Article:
2.1.3 Sequence discriminative training
Sequence discriminative training is performed using a lattice-based version of the state-level minimum Bayes risk (sMBR) criterion .
The hybrid dnn/hmm model is used to generate lattices for all of the training data. The training is then continued from the hybrid dnn/hmm model with a lower learning rate.
We use cross-entropy smoothing with a smoothing factor of and early stopping to prevent overfitting.
2.2 Language model
We report performance of hybrid systems using both a 4-gram count based language model  and an LSTM language model  in the first pass decoding . We use the 4-gram count model officially distributed with the LibriSpeech dataset . For the LSTM language model, we train our own model using our toolkit RETURNN 
. Two training datasets are available for language modeling: 800M-word text only data and 960h of audio transcriptions which corresponds to 10M-word text data. These two sets are merged to form one training dataset for language model training. Our LSTM language model has two recurrent layers with 4096 LSTM nodes in each layer, an input projection layer of size 128, and a output softmax layer over the full 200k vocabulary. We train the model using the stochastic gradient descent with gradient norm clipping and Newbob learning rate scheduling.
In addition, we carry out rescoring of lattices generated by the LSTM language model using a Transformer  language model. Our Transformer model has 96 layers with the self-attention total dimension of 512 using 8 heads and the inner feed-forward dimension of 2048 in each layer, which gave the best development perplexity in our preliminary experiments . We use push-forward algorithm 
with recombination pruning of order 9. We linearly interpolate the two models with interpolation weights optimized on the development perplexity. We found 0.71 to be the optimal weight on the Transformer model which gave the development perplexity of 52.3, while the LSTM and Transformer models have the individual development perplexity of 60.2 and 53.7 respectively.
|phoneme context||acoustic model||vtln||sat||sMBR||*wer [%]|
3 Encoder-Decoder-Attention system
The encoder-decoder framework with attention has initially been introduced for machine translation where it dominates the field now [27, 28, 29]. Recent investigations have shown promising results by applying the same approach for speech recognition [30, 31, 32, 33, 7, 5]. Among end-to-end approaches for asr, the attention model seems to perform best . Our model operates on sub-word units via byte-pair encoding . As input 40-dim MFCC feature vectors are used. Our presented results outperform the best LibriSpeech attention system presented in . Compared to the system in  we use an extended pretraining variant where we not only grow the encoder depth but also grow the hidden dimension of the LSTMs. Specifically, we start with 2 layers in the encoder of dimension 512 and increase to 6 layers with dimension 1024. Additionally, we train the first pretrain construction step first without dropout. We improved upon that model by tuning the curriculum learning schedule slightly, i.e. we have these 4 steps with different portions of the dataset:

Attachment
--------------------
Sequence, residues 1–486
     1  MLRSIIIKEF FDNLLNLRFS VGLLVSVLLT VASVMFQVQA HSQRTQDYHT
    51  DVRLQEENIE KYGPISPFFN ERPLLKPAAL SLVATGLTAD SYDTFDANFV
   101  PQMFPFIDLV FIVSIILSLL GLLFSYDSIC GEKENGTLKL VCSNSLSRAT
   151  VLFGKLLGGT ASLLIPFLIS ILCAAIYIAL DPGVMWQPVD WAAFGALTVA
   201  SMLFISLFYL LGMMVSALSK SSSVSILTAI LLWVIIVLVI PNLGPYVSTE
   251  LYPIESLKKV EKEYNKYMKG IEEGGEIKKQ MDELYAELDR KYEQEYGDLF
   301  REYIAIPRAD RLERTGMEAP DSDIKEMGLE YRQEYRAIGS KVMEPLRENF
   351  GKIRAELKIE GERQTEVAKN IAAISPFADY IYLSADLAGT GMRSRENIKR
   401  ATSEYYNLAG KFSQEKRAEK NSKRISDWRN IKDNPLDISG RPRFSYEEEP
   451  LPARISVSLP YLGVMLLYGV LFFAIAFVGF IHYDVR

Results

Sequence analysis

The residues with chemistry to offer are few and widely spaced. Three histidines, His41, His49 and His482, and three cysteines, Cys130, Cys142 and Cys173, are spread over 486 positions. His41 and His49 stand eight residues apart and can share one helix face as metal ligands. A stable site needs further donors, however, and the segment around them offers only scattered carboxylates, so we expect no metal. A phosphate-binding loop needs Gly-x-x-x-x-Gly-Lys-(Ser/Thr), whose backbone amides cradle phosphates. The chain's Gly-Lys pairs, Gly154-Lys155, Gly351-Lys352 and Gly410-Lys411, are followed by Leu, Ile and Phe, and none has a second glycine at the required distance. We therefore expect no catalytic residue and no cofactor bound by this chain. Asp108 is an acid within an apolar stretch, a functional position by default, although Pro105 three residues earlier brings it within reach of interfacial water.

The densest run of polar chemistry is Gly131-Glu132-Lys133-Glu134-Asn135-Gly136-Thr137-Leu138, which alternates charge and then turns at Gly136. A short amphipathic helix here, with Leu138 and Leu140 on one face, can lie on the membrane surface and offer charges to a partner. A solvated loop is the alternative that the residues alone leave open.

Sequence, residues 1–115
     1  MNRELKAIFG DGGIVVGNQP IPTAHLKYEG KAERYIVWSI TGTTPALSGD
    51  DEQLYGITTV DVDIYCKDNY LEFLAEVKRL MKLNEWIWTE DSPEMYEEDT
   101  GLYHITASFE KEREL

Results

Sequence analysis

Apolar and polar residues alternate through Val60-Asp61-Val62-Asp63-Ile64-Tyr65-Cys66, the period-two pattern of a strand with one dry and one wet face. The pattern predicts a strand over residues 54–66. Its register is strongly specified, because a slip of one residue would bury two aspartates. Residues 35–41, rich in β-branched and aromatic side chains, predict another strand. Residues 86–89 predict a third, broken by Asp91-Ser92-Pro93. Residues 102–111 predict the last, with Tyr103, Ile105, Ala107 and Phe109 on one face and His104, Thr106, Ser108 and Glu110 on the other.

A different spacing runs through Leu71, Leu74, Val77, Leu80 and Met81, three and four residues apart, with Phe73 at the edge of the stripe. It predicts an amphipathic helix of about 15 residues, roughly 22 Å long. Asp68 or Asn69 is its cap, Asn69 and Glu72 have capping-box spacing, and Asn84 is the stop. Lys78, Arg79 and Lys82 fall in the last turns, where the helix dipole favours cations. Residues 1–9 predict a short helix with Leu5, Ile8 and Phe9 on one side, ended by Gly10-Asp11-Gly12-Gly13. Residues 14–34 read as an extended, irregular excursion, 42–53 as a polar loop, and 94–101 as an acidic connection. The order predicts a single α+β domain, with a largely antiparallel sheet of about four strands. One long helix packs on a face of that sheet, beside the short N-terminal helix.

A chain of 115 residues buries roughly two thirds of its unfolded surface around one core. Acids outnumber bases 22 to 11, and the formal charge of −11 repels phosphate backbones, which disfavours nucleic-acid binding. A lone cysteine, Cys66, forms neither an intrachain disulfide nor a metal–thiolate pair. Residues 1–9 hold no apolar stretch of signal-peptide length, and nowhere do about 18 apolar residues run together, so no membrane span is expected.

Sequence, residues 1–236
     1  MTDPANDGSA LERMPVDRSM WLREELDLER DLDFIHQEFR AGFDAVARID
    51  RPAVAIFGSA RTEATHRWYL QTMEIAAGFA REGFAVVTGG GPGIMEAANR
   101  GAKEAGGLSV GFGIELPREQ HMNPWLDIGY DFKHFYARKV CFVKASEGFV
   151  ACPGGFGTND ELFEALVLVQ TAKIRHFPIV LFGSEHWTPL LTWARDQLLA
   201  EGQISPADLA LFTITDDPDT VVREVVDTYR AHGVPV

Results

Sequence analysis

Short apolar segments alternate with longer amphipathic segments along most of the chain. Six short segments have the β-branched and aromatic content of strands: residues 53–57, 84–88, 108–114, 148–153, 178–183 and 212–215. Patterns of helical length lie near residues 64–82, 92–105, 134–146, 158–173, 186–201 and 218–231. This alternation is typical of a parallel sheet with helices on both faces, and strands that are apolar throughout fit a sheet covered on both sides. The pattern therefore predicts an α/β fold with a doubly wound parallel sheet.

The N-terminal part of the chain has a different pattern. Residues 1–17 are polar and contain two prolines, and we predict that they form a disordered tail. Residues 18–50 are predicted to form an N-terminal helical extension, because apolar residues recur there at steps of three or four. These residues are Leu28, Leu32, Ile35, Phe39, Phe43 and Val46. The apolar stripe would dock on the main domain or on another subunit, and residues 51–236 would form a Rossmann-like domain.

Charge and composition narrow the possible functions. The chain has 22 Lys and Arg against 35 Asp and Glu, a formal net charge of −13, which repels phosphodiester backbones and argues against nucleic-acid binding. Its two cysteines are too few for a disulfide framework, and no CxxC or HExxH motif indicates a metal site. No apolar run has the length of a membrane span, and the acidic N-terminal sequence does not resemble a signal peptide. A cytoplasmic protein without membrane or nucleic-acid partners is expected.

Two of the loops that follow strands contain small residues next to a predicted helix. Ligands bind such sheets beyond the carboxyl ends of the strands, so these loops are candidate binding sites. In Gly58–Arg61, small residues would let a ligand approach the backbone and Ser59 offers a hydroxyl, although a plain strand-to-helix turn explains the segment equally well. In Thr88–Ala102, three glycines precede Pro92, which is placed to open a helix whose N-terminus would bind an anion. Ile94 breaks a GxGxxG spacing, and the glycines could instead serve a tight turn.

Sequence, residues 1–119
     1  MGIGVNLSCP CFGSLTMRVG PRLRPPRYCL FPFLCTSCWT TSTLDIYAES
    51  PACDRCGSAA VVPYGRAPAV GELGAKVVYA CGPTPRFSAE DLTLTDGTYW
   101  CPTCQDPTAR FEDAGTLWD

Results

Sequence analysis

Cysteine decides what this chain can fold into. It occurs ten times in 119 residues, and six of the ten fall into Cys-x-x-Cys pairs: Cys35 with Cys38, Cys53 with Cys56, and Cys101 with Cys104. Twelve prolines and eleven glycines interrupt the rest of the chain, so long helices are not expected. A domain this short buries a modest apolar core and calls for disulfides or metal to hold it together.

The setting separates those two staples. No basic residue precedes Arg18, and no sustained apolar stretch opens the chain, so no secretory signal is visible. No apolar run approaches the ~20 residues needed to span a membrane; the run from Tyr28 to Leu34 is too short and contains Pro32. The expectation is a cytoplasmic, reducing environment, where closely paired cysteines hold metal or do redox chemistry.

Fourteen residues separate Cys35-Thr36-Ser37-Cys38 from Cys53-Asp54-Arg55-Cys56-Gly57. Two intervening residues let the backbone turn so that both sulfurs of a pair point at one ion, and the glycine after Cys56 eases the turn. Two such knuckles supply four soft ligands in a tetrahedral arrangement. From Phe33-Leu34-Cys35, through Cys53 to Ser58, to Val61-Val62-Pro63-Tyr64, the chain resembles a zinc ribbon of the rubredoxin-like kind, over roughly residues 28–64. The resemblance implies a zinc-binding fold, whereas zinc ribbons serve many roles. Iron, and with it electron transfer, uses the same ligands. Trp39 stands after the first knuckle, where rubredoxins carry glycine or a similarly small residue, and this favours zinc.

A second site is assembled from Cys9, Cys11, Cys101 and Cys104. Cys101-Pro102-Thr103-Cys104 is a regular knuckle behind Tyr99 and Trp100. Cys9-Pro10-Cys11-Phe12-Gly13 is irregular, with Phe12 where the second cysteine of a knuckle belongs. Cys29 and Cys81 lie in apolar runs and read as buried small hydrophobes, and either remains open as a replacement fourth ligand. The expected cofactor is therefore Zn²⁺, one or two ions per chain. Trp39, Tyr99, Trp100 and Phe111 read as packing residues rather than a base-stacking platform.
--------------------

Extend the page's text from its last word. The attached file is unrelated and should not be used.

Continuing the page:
from 25% of the whole data, take only train-clean, and filter randomly such that the max mean number of characters in the transcriptions of each sequence is 50,
from the next 25% of the whole data, take only train-clean, and filter randomly such that the max mean number of characters is 75,
from the next 50% of the whole data, take only train-clean,
from now on, take everything.
Also, in the pretraining, we repeat the first step once more, with 2 layers of dimension 512, without dropout. The next improvement came from just training longer, i.e. we trained with our learning rate scheduling until it converged, then took the best model, and continued training with a reset learning rate scheduling. We repeated this twice. In the first iteration, we went over the whole data 12.5 times, then another 6.6 times and finally another 8.3 times, i.e. in total 27.4 times.
To further enhance end-to-end system’s performance, we train bpe-level language models and apply them to the system by shallow fusion[35, 36]. We report the performance of LSTM based and Transformer based language models separately. Our LSTM model has 4 recurrent layers with 2048 LSTM nodes. We use a 24-layer Transformer model with 8-head self-attention and feed-forward dimensionality of 1024 and 4096 respectively, which we obtained in . We select the language model checkpoints for the recognition experiments based on the development perplexity. For shallow fusion, we apply a single weight on the language model score (the weight on the score of the attention model is 1) and we use a beam size of 64 as well as an end-of-sentence penalty . We optimize the weights separately on the dev-clean and dev-other sets, then respectively apply them to the test-clean and test-other sets. We found optimal weights to be similar for both models; 0.5 and 0.56 for the LSTM language model, and 0.52 and 0.54 for the Transformer model, respectively on the clean and other sets.
4 Experimental setup
The two systems, a hybrid-dnn and an attention-based encoder-decoder are both trained on the 960h training data from the LibriSpeech corpus. For comparison, also a 100h subset is used. Unless specified otherwise, the training was performed using the full training set of 960h. The data is in English but the content ranges from different time periods and different English speaking countries. Having the consequence of different English styles being within the corpus.
The hybrid model was trained and decoded with RASR  and RETURNN [23, 39]. The monophone and triphone system to generate the alignments was built in RASR while the nn model was trained in RETURNN. The decoding process was setup in RASR. Our encoder-decoder-attention model was trained and decoded using RETURNN . Both toolkits are open-source. All the config files used for training and recognition of all our results are publicly available online .
We evaluate the models on the dev and test sets provided with the LibriSpeech corpus: dev-clean, dev-other, test-clean and test-other. The difference between clean and other is the quality of the audio and its corresponding transcription. The clean quality is higher than the other.